Monday, 9 September 2013

Crook Leads Hornets Smash & Grab Raid

Hornets 26 - Skolars 24

If you're going to steal a game, you need a cool-headed crook in your side - and in this tight, uncompromising game, Hornets skipper Paul Crook proved the difference - 100% with the boot yet again to steer Hornets to within 80 minutes of a Grand Final.

Skolars set their stall out from the off: gangly prop Williams conceding a penalty for a high-shot in the first tackle of the game. With Skolars ultimately on the wrong end of an 8-1 penalty count (Hornets sole concession a mistimed Gaz Langey tackle on the hour mark), it was a reasonable indicator of what we might expect. 

Hornets took full advantage. Off the back of the penalty, determined forward approach play gave Hornets good field position - and when Skolars coughed possession Gaz Langley took Hornets very close to the visitors' line. With the Skolars defence stretched, Jordan Case found a chink to plunge in and open the scoring after just 6 minutes. Crooky added the two.

After its whirlwind opening, the game shrank into an arm-wrestle: Skolars happy to dump bodies in the ruck, crawling and sprawling as referee Hewer allowed them the leeway to slow down the play-the-ball.

Having survived a brief Skolars foray ending in a Hornets penalty after stand-in fullback Gaz Langley was tackled in the air off a Skee bomb, Chris Hough launched an inch perfect 40/20, only for the touch judge to deem it short of the mark. A poor decision. But when Skolars' veteran rake Wray fumbled a play the ball in the 20th minute, Hornets shipped ball swiftly to the right where Dave Sutton launched himself in by the flag for a well-taken try. Crooky with the extras from the touchline.

Skolars finally succumbed to the desire to play some football after Hornets conceded a 25th minute goal-line drop-out, creating two quick-fire tries, firstly from Thomas after Anthony had made the extra man; then from Raynor as Skolars counter-attacked. Skee, one kick from two.

There was still time for Mr Hewer to demonstrate his freestyle interpretation of the laws as, late in the half, Raynor clearly knocked on chasing a lofted kick, Hornets scuffed the bobbling ball dead in expectation of the scrum - only for the referee to award a drop-out. Hornets ended a close-fought half defending in numbers to hold Skolars' wing Paxton up over the line.

Half time 12-10. Tight stuff.

Skolars started the second half in an uncharacteristically flowing mood. Good hands sent Raynor in out wide to grab a 14-12 lead, Skee hoyed a flapping conversion attempt into the Sandy Lane end.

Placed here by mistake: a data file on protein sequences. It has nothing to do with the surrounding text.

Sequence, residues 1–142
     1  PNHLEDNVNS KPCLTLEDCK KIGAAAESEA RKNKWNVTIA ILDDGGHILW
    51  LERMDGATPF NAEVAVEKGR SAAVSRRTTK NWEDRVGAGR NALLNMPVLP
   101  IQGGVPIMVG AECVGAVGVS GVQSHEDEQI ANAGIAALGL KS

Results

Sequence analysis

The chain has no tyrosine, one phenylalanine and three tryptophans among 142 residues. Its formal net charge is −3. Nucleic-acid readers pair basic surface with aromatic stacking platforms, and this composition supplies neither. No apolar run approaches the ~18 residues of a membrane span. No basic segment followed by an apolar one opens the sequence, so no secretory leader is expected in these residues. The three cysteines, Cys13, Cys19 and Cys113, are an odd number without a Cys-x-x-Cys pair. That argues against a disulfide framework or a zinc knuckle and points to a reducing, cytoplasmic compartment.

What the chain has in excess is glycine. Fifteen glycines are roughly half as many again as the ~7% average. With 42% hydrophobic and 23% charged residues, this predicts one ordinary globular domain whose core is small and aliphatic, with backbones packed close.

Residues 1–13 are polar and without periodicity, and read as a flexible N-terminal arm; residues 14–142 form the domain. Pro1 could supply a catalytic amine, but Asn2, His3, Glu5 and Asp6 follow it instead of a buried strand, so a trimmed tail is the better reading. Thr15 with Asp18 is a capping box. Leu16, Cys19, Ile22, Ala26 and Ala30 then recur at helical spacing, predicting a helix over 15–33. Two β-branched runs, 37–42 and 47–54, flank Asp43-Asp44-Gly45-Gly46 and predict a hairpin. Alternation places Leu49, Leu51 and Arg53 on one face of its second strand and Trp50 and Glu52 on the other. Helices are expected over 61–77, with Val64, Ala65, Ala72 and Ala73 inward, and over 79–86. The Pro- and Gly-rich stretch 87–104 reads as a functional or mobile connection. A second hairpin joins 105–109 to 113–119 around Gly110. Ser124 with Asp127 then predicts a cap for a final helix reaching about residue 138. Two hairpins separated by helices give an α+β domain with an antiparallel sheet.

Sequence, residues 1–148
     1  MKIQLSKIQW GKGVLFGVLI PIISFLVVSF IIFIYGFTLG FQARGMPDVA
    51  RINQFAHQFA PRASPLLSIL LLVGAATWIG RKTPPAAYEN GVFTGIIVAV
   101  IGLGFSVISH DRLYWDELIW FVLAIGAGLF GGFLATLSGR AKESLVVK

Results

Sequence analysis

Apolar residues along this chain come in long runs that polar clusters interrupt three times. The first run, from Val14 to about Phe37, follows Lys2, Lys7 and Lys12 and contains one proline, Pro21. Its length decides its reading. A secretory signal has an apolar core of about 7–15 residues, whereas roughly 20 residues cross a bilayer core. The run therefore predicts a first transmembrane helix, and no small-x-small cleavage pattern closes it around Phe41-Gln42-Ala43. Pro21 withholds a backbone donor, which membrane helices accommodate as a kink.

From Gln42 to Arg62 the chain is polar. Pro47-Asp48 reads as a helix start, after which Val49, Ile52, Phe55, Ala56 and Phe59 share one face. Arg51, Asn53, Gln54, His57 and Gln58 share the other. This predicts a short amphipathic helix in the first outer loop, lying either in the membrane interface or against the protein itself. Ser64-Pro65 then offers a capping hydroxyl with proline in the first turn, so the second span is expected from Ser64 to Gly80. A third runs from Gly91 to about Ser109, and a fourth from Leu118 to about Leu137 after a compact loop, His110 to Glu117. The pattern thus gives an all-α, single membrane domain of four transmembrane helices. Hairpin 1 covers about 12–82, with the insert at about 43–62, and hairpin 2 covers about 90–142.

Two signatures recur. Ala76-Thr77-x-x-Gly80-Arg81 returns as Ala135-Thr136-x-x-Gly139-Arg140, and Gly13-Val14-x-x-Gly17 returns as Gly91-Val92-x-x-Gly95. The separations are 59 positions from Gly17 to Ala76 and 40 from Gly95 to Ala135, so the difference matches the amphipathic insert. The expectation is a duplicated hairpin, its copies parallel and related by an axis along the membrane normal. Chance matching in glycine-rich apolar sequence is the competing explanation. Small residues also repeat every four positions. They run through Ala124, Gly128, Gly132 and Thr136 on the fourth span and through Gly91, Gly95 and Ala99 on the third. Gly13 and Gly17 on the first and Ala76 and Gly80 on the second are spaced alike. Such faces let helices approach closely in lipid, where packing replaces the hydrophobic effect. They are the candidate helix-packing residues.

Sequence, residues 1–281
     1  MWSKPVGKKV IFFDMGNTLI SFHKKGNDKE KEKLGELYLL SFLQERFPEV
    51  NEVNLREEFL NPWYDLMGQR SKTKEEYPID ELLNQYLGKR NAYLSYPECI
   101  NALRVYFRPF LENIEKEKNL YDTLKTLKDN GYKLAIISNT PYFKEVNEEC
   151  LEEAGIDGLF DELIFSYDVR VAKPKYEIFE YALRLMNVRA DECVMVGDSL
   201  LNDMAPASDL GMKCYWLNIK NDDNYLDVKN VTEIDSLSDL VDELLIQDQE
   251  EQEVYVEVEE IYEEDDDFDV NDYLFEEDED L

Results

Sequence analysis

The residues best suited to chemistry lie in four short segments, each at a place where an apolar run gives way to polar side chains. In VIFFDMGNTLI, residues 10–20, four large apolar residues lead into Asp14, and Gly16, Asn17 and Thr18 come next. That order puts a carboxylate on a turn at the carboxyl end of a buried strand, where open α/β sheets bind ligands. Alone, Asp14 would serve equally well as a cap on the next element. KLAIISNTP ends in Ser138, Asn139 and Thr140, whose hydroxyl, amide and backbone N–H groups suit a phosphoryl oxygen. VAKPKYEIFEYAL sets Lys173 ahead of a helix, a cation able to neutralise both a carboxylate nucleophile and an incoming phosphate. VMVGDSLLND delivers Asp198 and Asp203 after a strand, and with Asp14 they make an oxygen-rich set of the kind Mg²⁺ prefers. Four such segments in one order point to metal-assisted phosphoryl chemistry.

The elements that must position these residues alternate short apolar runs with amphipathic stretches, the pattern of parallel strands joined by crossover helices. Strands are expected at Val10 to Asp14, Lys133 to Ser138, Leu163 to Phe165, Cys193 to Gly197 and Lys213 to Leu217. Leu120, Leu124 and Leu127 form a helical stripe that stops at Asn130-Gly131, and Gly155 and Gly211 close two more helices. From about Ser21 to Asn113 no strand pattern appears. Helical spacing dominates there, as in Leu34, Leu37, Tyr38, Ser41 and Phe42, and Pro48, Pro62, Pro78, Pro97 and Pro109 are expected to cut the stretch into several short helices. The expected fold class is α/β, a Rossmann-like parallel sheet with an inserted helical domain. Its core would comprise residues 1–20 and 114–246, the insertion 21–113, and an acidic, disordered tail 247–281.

Hornets responded well, grinding the Skolars back upfield where a beautifully weighted flat Steve Roper pass found Chris Baines arriving at pace to score through a scrambing defence. 18-14.

But it was a short-lived lead. Thomas broke the Hornets line and as he stepped inside, Gaz Langley's stretching last ditch tackle was adjudged high and put on report. From the resulting penalty Skolars whipped the ball across the line for Anthony to score. Skee hoofing the conversion attempt well-wide of the mark. 18-all.

Conversely, when Hornets were awarded a penalty five metres inside their own half ten minutes later, Paul Crook pointed to the posts. Cool as you like, the Ginger General stroked the ball between the sticks to uproarious applause to edge Hornets back in front  at 20-18 with 15 minutes to play.

Skolars grabbed the lead back with ten minutes remaining when Skee was first to react to a gap by the Hornets' posts - plunging in to score and injuring himself in the process. McClean added the two and, at 20-24, a herculean effort was needed for Hornets to salvage the game.

It's at times like this where teams of character find a way to win and Hornets sucked in for the biggest 10 minutes of the season so far.

Sending in the big guns, the Hornets pack drove the Skolars back under their own posts. John Cookson piled in and looked to have got the ball down on the line, only to be pulled for a knock on. With less than two minutes remaining, Hornets packed down to defend the set that could define their season. And what a set it was. Forcing an error from Skolars, Hornets shipped the ball to the left were Steve Roper found Dave Llewellyn arrving like a train, steaming through tired tackles to plant the ball and bring the crowd to its feet. Crooky banged home the two to give Hornets the narrowest of victories. Fantastic stuff.

We suggested in our preview for this game that the team that wanted this one most would succeed. Indeed, when things are tight, teams of strong character find a way to win. Now we need to find a way to win at Whitebank next week. By hook. Or by Crook.